You like me, right? I hope so, because I’m about to tell you something rather shameful.

This is NOT a nice thing to admit about myself. But I find courage to tell you from the fact that I strongly suspect that many of you will be the same way.

I can’t stop comparing myself to others, and measuring up my successes and failures against theirs. I’m competitive. And often-times, envious.

What do I compare? Everything. It’s like we women are in some kind of universal league table. We tally up points for everything: how pretty we are, how much we weigh, how glossy our hair is, how many pairs of shoes we have. How happy we are, how busy our social life is, how many friends we have, how close we are to our family, how beautiful our spouse/children are, how stylish our home is. Our career status, our personal and public achievements, our ambitions, our intellect, our wit. Everything.

The net result of it is, we comparers are always way down the bottom of the league table, looking up at all the beautiful, successful, intelligent, popular women above us.

Now I know that this is wrong. I know it affects the way I relate to other women, and how they relate to me. Worse still, it reduces other women to something far less than the sum of their parts.

I know it’s damaging. I know it makes me unhappy.

What I don’t know, is how to stop doing it. I want to stop comparing, measuring, assessing, competing, but I don’t know how to. Truly.

I was discussing this over on someone else’s blog recently, and someone made a very thought provoking comment that I would like to share with you. She said:

“Just remind yourself that your life, I’m sure, is plentiful, and that no one else’s achievements, body, or life has anything to do with yours, and so should have nothing to do with how you feel about your own life, body and achievements.”

This really resonated with me – I keep revisiting the page to read the words over. To try to get them to sink into my heart, not just my head. Because logically I know this to be true, but still I find myself slipping back into comparisons.

But there’s a really profound truth here. I am me. You are you. We are utterly and completely unique. We are not linked in some kind of bizarre chain reaction of status. If you achieve something, that does not automatically push me down the scale. It does not change my achievements. If I walk into a party, and there are ten women taller than me, and ten women shorter than me, that does not actually change my height! I am, what I am. You are what you are.

I have written and rewritten that paragraph, but any way I word it, sounds crazy. Because it is crazy! But if you are a comparer, you’ll get what I’m saying. And if you’re not, lucky you. But I’m not jealous.

Well, I’m trying not to be, at any rate.

So, tell me, do you compare yourself with others? How do you deal with it?

5 thoughts on “24.04.12

  1. What? We’re supposed to deal with it?

    I suppose what I try to do is celebrate with/for those who achieve something I’m still working towards. Their achievement won’t stop mine and it’s worth celebrating.

  2. I suppose the thing to remember is that just because someone else achieves something that you would like to achieve that doesn’t mean you can’t do it too. For instance, just because people have swum the English Channel doesn’t mean you can’t still do it, though I would have to ask why? But maybe that highlights something else, my goals aren’t yours and those people we compare ourselves too and our little pangs of envy at their accomplishments, shoes, hair whatever…who knows what their goals are, maybe it’s something we find easy or that we have done and they are trying to climb that mountain we ran up. Even though I know I compare, I also know in my heart that we are far stronger together than we are apart. We achieve nothing by being unkind to others and ourselves.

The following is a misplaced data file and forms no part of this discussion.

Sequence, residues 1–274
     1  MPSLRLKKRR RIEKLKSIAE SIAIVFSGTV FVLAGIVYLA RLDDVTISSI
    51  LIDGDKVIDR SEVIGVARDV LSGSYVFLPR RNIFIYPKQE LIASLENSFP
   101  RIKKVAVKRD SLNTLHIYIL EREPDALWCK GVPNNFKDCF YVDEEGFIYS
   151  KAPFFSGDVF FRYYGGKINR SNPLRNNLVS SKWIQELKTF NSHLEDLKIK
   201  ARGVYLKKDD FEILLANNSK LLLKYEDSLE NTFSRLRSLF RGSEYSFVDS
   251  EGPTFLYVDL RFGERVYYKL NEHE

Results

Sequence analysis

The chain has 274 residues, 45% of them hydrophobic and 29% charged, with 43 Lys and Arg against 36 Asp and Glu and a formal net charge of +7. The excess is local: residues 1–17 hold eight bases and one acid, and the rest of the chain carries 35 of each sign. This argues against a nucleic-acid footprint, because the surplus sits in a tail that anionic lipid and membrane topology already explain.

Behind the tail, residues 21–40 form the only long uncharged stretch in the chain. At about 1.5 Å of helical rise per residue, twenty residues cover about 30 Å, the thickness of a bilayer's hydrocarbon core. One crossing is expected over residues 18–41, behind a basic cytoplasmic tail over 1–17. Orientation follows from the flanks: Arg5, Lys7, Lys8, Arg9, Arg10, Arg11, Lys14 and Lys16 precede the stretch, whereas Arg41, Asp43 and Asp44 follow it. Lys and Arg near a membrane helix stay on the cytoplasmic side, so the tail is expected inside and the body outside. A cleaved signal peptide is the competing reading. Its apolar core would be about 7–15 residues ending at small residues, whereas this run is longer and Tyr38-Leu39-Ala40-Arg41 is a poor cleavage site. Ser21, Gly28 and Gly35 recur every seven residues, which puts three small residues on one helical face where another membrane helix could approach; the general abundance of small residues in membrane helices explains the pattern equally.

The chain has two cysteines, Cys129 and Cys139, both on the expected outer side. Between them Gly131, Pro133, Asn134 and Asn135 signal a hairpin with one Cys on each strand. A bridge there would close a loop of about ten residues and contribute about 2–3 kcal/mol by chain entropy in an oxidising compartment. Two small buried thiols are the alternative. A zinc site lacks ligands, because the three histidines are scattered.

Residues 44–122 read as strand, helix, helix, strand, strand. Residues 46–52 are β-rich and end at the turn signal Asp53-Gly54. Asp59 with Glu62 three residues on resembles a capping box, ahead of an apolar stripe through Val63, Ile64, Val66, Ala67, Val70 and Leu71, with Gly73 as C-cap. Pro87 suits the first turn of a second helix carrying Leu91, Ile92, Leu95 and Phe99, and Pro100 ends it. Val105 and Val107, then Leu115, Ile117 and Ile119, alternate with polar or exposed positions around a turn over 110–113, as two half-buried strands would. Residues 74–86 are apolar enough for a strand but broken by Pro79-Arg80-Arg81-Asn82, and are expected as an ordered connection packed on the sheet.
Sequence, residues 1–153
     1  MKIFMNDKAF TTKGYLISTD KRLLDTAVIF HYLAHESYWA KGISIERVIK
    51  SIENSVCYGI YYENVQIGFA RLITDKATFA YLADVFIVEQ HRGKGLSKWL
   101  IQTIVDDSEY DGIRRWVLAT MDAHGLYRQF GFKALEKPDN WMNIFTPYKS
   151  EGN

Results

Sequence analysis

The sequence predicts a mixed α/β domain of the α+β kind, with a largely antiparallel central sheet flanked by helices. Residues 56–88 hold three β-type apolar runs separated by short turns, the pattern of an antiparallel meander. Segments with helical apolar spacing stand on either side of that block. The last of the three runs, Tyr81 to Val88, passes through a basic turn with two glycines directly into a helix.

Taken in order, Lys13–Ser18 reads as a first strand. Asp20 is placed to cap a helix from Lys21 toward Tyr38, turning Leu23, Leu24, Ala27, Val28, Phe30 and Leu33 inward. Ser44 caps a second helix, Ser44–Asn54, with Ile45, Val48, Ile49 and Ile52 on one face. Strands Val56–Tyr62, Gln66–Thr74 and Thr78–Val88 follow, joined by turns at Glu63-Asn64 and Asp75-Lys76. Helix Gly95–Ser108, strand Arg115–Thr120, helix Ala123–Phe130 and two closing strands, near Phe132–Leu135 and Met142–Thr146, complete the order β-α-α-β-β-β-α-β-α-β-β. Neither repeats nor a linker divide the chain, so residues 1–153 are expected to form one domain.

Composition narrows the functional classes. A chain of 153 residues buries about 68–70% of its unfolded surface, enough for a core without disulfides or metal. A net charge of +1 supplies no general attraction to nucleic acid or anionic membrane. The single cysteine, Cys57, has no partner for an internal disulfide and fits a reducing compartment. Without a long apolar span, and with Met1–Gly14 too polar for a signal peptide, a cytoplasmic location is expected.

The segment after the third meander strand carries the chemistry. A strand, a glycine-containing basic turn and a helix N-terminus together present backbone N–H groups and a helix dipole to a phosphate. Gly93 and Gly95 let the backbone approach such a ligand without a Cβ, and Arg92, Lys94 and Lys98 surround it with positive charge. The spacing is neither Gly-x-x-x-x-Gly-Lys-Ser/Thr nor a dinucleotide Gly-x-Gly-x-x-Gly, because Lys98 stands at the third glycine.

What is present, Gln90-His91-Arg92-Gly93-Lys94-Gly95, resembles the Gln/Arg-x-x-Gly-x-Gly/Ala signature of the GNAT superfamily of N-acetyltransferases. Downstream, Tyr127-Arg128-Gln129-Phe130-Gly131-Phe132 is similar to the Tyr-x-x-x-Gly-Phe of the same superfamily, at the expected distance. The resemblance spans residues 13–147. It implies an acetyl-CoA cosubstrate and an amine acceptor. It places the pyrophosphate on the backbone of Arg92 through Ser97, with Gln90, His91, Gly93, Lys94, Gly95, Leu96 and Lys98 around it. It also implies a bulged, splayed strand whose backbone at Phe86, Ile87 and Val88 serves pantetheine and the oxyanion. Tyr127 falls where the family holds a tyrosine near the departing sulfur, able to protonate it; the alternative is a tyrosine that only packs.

I saw this saying in a magazine pic once and it was so simple and obvious but true. “Be yourself, everyone else is already taken.”

  3. I do – and I try to hear myself doing it. Often I fail to realise what my thoughts are doing and I feel like a miserable failure at this huge thing ‘Life’. However when I engage my brain consciously I always come to realise that lives are complex and just because someone has thinness, wealth, creative reward, or many other things I aspire to, their life is not better – I have so wonder much in my life. The old idea of a gratitude diary – even if I only remember it when I feel ungrateful and ungracious – helps!

  4. So True!
    I got stopped in my tracks at the wise age of 13, when I shared with a schoolmate that I envied her the fact that she had “garden-club, coffee-table-magazine” sort of mother. To which she promptly replied that she envied me for having a “real Mom”. (Since I was of that age when your parents embarrass you, and Mom’s voice could wake the neighborhood; I was shocked into reevaluating my mother, and myself.) I have always been grateful to Jan for those words. They have re-played in my head many times over the years; always when I most need them.

  5. I think the only trick to it is to find a way of becoming increasingly content as the person you are, and so you won’t feel the need to compare, or at least not negatively.